Absentees May Get A Bit Easier
The process of getting an absentee ballot may get slightly less bureaucratic this fall, if a bill that passed the Senate overwhelmingly Monday makes its way past the House and Governor Culver.
Senate File 2089 by Sen. Herman Quirmbach, D-Ames, would roll back a 2004 change that required auditors to accept absentee requests only if they were on one specific statewide form. "I am just trying to restore the prior practice, which as far as I know was never a problem, said Quirmbach." With the change, any signed request on paper could be accepted as long as contained the required information: name, residence address, birthdate, and signature, plus a separate mailing address if needed and a party affiliation for primaries.
Under present law, voters who think a handwritten letter is sufficient now face delays as they wait for or look for a form.
Quirmbach said the change could help service personnel. "How tragically ironic if somebody risking his life to serve our country were denied its most basic right because he didn't use the proper bureaucratic form," he told Iowa Independent.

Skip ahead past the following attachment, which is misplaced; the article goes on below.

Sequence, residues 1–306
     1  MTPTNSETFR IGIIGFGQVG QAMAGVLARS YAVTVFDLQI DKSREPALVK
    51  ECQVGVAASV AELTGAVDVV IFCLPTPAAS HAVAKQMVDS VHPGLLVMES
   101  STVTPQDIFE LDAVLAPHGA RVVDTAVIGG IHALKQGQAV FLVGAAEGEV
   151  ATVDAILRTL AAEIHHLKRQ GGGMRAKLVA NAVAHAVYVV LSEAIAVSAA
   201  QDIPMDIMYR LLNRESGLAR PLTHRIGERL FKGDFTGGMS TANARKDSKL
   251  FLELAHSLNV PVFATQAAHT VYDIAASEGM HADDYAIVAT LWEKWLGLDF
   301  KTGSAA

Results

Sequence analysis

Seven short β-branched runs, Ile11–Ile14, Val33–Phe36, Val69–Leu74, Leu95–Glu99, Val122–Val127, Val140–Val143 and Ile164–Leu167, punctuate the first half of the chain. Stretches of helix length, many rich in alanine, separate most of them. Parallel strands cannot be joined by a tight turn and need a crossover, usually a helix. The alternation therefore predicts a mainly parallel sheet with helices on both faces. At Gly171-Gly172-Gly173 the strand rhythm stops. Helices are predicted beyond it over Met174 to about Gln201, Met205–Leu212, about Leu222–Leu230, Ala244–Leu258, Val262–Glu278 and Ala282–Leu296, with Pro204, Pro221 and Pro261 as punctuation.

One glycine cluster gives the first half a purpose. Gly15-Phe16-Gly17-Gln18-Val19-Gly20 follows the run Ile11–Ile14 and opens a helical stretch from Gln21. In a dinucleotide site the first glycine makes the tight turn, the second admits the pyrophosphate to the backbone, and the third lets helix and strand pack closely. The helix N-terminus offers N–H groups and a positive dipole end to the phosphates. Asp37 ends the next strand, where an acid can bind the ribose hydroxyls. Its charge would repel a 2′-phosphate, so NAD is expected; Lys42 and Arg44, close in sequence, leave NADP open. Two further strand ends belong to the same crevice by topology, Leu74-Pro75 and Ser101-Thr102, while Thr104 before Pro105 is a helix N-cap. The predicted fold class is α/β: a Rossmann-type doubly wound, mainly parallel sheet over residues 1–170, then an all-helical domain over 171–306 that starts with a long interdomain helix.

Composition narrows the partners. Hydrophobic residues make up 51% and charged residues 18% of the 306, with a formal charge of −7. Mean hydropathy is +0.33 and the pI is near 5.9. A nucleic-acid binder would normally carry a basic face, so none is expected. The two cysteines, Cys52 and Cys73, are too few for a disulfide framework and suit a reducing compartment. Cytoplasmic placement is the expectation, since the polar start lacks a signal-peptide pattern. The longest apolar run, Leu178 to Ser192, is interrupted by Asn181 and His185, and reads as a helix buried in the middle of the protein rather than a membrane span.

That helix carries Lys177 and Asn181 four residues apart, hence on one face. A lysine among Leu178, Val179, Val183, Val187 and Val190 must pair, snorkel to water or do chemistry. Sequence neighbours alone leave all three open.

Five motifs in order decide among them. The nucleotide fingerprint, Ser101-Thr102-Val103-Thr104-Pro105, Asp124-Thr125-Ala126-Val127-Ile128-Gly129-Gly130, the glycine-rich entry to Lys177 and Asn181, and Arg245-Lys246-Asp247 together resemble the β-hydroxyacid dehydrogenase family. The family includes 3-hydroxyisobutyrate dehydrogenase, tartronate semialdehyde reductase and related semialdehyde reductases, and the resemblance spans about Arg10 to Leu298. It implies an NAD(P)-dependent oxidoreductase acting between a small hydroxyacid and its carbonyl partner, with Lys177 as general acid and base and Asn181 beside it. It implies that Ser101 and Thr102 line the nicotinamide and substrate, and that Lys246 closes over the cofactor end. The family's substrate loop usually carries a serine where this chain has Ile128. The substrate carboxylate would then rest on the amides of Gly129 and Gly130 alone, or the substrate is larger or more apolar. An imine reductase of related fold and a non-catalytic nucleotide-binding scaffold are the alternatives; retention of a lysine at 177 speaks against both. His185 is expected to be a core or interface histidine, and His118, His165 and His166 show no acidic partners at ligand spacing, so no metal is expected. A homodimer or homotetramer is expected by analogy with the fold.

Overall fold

The initial catalyst was a Story County constituent who was hospitalized just before the 2006 general election. "His wife, who did not have internet access, had some difficulty getting her husband an absentee ballot," said Quirmbach. "That was ironic because she had previously been an employee at the Story County Auditor's office and knew what information had to be included. She was also aware that the law before 2004 allowed a letter request but apparently was not aware that the code had been changed." Quirmbach said despite the difficulties, the hospitalized man was able to vote.
Sen. Brad Zaun, R-Urbandale, raised the spectre of requests on envelopes, matchbooks and napkins. But Republican amendments specifically excluding those items and requiring use of an 8 1/2 by 11 sheet of paper lost on party lines.